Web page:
Asia Pacific

U.S. might blacklist Kim Jong Un in new U.N. sanctions resolution

Kyodo

The United States is considering blacklisting North Korea’s leader Kim Jong Un under a new U.N. sanctions resolution after the country test-fired a second intercontinental ballistic missile, diplomatic sources said Sunday.

But China and Russia are expected to oppose doing so, arguing it runs counter to seeking a peaceful resolution through dialogue.

Washington has apparently suggested that Kim be named to further tighten the screws on Pyongyang, which continues to pursue its nuclear ambitions despite international pressure to stop.

According to the sources, the administration of U.S. President Donald Trump is considering proposing sanctions to freeze Kim’s assets. But it remains unknown what assets would be affected.

Last year, Washington unilaterally imposed sanctions on Kim and 10 other top officials for North Korea’s poor human rights record and abuses in its notorious prison camps, marking the first time it attempted to pressure the top leadership through sanctions.

Past U.N. Security Council resolutions have not imposed sanctions on the North Korean leader on an individual basis.

Negotiations within the 15-member U.N. Security Council on North Korean sanctions are mainly led by Beijing, which is the North’s closest ally and biggest trading partner, and the United States. A U.S. government source said China is also consulting with Moscow.

Beijing and Moscow traditionally resist stronger measures that they fear would prompt a negative reaction from Pyongyang.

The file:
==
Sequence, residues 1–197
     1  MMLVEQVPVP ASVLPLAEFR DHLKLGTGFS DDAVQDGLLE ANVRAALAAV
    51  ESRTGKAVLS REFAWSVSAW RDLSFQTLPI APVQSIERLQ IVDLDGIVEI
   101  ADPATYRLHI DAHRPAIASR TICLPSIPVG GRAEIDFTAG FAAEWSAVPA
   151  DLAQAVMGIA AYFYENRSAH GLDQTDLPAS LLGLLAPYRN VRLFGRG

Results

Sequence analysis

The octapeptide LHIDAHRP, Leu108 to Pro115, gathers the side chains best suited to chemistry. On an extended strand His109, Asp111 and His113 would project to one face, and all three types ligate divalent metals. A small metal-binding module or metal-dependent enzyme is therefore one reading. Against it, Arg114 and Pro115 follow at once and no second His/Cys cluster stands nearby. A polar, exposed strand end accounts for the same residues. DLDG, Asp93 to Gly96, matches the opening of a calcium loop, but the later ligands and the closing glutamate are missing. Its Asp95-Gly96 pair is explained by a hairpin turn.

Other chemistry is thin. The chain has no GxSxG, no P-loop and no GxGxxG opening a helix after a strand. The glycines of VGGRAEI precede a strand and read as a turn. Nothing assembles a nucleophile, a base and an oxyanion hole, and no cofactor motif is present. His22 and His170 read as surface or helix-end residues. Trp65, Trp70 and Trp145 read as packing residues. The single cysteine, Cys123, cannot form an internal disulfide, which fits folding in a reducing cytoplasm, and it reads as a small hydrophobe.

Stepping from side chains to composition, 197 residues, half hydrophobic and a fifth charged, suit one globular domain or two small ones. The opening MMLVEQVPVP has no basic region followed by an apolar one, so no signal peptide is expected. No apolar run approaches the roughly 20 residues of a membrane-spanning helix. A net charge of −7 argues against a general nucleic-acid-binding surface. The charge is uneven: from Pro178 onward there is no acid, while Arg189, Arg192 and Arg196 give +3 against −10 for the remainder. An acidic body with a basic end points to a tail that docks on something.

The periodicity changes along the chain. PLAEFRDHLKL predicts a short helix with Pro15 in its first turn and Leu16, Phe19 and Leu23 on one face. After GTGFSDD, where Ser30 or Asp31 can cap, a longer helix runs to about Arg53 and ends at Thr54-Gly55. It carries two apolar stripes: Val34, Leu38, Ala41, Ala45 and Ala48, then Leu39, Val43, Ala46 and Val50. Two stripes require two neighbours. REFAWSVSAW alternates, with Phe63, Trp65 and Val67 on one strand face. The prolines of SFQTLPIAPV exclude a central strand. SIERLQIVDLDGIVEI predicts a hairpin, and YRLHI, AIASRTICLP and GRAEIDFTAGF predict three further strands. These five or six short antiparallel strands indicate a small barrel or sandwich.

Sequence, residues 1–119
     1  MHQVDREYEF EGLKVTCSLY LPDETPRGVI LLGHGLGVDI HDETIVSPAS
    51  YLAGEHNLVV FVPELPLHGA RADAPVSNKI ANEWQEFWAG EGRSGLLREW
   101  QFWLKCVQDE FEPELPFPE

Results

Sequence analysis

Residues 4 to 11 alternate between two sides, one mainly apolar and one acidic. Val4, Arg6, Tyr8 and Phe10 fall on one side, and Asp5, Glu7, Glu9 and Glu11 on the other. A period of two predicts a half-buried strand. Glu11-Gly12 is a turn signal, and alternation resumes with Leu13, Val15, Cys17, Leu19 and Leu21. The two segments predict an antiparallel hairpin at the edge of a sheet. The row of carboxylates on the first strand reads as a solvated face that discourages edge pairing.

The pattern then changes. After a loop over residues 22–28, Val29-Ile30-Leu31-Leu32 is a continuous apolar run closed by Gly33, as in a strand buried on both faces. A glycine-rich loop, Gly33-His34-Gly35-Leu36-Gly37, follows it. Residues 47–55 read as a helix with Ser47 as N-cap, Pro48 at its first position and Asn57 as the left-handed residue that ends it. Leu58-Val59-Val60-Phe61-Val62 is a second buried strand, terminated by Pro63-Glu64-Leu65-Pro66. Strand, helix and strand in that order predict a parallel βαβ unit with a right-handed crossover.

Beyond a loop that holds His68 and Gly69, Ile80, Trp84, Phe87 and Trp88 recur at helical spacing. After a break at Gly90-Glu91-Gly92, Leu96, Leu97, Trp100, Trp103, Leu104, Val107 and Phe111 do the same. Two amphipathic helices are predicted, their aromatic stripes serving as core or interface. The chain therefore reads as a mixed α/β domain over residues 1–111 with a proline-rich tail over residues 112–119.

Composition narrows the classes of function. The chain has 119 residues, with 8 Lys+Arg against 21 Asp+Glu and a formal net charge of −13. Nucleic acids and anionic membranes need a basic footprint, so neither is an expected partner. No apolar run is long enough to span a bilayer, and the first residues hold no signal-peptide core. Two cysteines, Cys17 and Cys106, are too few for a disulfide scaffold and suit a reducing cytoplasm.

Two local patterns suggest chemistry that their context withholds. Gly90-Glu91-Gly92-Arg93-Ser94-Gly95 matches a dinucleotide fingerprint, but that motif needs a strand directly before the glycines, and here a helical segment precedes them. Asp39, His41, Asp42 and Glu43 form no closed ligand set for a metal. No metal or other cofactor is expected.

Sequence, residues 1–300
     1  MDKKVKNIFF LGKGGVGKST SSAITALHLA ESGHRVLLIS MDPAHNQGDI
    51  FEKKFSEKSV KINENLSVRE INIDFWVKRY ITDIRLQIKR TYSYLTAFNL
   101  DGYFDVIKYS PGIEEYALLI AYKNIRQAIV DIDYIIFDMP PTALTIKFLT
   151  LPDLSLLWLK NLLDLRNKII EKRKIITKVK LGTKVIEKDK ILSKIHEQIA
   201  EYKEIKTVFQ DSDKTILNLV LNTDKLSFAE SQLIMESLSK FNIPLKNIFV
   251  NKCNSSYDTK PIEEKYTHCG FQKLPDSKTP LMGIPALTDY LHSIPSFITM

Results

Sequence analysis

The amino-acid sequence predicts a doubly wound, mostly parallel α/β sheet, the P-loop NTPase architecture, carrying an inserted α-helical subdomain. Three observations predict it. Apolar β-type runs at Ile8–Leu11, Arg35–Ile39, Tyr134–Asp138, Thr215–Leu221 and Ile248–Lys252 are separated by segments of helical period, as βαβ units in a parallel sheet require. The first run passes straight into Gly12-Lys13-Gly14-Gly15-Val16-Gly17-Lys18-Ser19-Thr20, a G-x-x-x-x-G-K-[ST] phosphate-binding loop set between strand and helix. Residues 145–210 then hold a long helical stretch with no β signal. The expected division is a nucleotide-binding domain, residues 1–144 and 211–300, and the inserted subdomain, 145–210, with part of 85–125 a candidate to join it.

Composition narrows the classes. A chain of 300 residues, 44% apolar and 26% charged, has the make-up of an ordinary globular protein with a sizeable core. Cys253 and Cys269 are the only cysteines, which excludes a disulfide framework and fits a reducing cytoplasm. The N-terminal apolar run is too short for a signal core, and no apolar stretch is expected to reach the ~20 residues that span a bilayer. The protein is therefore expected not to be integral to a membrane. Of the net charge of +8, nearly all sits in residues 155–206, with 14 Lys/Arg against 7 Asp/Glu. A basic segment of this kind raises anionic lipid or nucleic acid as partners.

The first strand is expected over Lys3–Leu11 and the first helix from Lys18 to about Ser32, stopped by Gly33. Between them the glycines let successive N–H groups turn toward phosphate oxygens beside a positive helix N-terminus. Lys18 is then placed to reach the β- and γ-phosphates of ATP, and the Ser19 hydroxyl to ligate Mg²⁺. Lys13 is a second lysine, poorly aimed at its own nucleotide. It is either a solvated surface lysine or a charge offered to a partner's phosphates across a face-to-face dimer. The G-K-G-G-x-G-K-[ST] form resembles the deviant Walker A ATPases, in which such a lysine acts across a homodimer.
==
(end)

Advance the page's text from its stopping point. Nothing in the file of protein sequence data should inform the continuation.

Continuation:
On the other hand, the United States, its western allies, Japan and South Korea have typically pushed for harsher measures to rein in North Korea’s nuclear weapon and ballistic missile development programs that have continued to fuel tensions on the Korea Peninsula.

The diplomatic sources said the United States is also seeking to adopt other measures including restricting oil exports to North Korea and banning the country from dispatching its citizens to work overseas, a major means of obtaining foreign currency.

Friday’s missile test was North Korea’s 11th ballistic missile launch this year, and the last two were believed to be ICBMs that crossed a major threshold by putting American territory within striking distance.

The first ICBM is believed to have been launched on July 4, the U.S. Independence Day holiday, and the second on July 28, one day after a major North Korean holiday marking the armistice ending the Korean War.

All tests, regardless of classification, are banned under previous resolutions passed by the U.N. Security Council since North Korea conducted its first underground nuclear test in 2006.

Coronavirus banner